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Organisation Reference National Institutes of Health
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This web-link has been created as part of the "Managing for West Nile Virus Infection in the USA" Wildpro module. Consult the Specific Section References at the end of this page for related links.

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Notes

This information has been taken directly from the National Institutes of Health Website:

What is the National Institutes of Health (NIH)?

Founded in 1887, the National Institutes of Health today is one of the world's foremost medical research centers, and the Federal focal point for medical research in the U.S. The NIH, comprised of 27 separate Institutes and Centers, is one of eight health agencies of the Public Health Service which, in turn, is part of the U.S. Department of Health and Human Services.

Simply described, the goal of NIH research is to acquire new knowledge to help prevent, detect, diagnose, and treat disease and disability, from the rarest genetic disorder to the common cold. The NIH mission is to uncover new knowledge that will lead to better health for everyone. NIH works toward that mission by: conducting research in its own laboratories; supporting the research of non-Federal scientists in universities, medical schools, hospitals, and research institutions throughout the country and abroad; helping in the training of research investigators; and fostering communication of medical and health sciences information.

National Institute of Allergy and Infectious Diseases (NIAID)
http://www.niaid.nih.gov/default.htm

NIAID is a component of the National Institutes of Health (NIH). NIAID conducts and supports research to prevent, diagnose and treat illnesses such as HIV disease and other sexually transmitted diseases, tuberculosis, malaria, asthma and allergies. NIH is an agency of the U.S. Department of Health and Human Services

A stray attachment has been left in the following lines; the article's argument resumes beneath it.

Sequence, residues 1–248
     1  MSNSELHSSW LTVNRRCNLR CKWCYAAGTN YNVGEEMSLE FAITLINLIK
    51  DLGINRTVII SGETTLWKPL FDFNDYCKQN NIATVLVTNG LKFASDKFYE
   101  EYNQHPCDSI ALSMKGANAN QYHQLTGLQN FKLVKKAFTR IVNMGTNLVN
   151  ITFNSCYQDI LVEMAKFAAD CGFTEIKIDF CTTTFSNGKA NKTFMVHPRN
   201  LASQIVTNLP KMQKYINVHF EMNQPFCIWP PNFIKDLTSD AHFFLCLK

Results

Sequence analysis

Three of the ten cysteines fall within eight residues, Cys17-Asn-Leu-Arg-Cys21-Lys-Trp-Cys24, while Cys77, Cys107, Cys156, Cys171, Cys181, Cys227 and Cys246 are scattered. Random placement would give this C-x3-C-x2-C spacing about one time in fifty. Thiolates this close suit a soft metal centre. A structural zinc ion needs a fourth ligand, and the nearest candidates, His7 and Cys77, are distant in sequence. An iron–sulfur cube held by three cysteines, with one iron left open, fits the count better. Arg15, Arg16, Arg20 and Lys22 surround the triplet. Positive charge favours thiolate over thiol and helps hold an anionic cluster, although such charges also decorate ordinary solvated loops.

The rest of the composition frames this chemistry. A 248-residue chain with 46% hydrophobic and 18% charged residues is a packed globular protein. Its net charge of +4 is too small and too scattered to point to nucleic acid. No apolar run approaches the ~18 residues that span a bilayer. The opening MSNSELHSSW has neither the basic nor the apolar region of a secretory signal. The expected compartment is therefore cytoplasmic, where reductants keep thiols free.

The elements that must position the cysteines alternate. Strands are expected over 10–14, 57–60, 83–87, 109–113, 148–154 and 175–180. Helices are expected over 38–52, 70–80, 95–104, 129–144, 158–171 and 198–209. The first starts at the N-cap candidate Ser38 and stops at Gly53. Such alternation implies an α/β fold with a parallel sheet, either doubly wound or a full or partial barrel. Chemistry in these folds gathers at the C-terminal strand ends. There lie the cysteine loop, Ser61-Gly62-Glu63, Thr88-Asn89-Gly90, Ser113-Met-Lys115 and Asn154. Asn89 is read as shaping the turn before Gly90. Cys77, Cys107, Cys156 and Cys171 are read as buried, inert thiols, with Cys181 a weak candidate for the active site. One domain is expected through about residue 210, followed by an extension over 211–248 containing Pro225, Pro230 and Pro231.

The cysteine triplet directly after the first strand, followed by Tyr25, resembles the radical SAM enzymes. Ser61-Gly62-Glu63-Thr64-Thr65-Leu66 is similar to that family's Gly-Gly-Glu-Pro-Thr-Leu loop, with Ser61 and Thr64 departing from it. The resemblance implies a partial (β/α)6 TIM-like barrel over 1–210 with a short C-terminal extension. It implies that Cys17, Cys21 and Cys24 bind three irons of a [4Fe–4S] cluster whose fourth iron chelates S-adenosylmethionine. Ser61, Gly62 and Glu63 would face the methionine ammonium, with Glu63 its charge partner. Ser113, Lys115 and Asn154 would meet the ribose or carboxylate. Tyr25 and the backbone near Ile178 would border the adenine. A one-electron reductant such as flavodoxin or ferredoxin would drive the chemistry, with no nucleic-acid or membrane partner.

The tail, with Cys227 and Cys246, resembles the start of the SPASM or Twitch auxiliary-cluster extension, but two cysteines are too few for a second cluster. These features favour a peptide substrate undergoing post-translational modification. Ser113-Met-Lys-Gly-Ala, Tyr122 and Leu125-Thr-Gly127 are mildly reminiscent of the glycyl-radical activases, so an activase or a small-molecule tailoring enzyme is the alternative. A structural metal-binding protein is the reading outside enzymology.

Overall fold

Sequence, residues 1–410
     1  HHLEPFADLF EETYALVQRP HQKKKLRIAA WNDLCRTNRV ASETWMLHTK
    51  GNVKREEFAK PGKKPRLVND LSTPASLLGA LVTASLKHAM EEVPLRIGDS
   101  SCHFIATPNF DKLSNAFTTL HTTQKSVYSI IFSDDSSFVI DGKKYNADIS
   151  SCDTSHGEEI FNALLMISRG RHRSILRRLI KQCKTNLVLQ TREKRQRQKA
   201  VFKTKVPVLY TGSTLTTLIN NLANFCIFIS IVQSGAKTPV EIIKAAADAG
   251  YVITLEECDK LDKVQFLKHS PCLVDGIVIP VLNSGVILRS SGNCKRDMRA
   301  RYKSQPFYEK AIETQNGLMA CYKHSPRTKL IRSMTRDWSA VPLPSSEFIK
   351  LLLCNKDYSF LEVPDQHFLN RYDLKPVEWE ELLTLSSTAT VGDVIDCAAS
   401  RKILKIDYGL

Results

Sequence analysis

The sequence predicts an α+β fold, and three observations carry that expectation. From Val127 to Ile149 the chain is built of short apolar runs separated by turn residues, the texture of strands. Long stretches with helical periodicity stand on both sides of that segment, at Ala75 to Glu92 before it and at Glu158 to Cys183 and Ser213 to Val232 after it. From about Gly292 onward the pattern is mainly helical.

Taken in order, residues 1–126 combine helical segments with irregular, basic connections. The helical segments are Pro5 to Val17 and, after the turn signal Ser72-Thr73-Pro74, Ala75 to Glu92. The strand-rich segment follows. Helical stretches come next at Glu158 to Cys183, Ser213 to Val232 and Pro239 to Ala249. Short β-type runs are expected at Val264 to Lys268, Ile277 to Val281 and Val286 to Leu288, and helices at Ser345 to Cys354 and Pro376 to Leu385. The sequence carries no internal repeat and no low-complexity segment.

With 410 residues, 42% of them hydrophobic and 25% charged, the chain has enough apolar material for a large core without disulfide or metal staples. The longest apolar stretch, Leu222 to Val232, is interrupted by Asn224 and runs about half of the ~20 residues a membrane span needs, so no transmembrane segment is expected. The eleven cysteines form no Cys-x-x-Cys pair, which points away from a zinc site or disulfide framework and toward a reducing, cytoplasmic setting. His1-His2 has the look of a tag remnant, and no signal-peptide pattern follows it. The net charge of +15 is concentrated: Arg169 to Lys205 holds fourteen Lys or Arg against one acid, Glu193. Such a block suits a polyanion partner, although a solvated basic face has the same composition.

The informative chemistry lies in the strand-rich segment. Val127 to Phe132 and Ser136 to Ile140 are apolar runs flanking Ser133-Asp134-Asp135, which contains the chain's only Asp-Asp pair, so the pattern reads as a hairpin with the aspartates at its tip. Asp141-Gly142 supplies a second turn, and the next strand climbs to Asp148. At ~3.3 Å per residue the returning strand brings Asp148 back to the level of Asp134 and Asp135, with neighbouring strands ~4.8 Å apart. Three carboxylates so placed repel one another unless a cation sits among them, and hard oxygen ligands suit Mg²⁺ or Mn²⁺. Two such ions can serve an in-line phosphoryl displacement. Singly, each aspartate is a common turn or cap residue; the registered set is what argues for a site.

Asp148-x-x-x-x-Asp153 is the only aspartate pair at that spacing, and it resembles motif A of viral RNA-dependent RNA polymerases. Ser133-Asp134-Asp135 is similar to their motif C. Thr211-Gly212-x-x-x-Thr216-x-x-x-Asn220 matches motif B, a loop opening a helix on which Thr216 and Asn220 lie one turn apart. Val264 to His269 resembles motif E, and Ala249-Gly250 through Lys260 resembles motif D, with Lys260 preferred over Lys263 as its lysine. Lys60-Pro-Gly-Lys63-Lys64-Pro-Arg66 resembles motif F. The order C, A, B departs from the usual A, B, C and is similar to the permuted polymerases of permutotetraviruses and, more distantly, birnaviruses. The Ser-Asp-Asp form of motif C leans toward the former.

The National Institute of Allergy and Infectious Diseases (NIAID) had its origins in the earliest days of the Public Health Service. In 1948, the Rocky Mountain Laboratory and the Biologics Control Laboratory, both dating to 1902, joined the Division of Infectious Diseases and the Division of Tropical Diseases of the National Institutes of Health to form the National Microbiological Institute. Six years later, Congress gave the Institute its present name to reflect the inclusion of allergy and immunology research. Today, NIAID provides the major support for scientists conducting research aimed at developing better ways to diagnose, treat and prevent the many infectious, immunologic and allergic diseases that afflict people worldwide.

NIAID is composed of four extramural divisions: the Division of AIDS; the Division of Allergy, Immunology and Transplantation; the Division of Microbiology and Infectious Diseases; and the Division of Extramural Activities. In addition, NIAID scientists conduct intramural research in laboratories located in Bethesda, Rockville and Frederick, Maryland, and in Hamilton, Montana.

Following is a brief description of the major areas of investigation.

  Acquired Immunodeficiency Syndrome (AIDS). NIAID is responsible for conducting and supporting basic research on the pathogenesis of the human immunodeficiency virus (HIV), which causes AIDS; developing new drug therapies; conducting clinical trials of promising experimental drugs for HIV infection and related opportunistic infections and cancers; carrying out epidemiologic studies to assess the impact of HIV on the populations most severely affected by the epidemic; and developing and testing HIV vaccines.

  Asthma and Allergic Diseases. Research on asthma and allergies has revealed much about their underlying mechanisms and contributed to the development of new ways to help affected individuals. NIAID has established a network of asthma, allergic, and immunologic diseases research centers to transfer results rapidly from fundamental studies in immunology and clinical studies of allergy to clinical practice. The Institute also supports the National Cooperative Inner-City Asthma Study to define factors that influence the disease's severity and to design and evaluate programs to reduce asthma episodes and deaths among African-American and Hispanic children.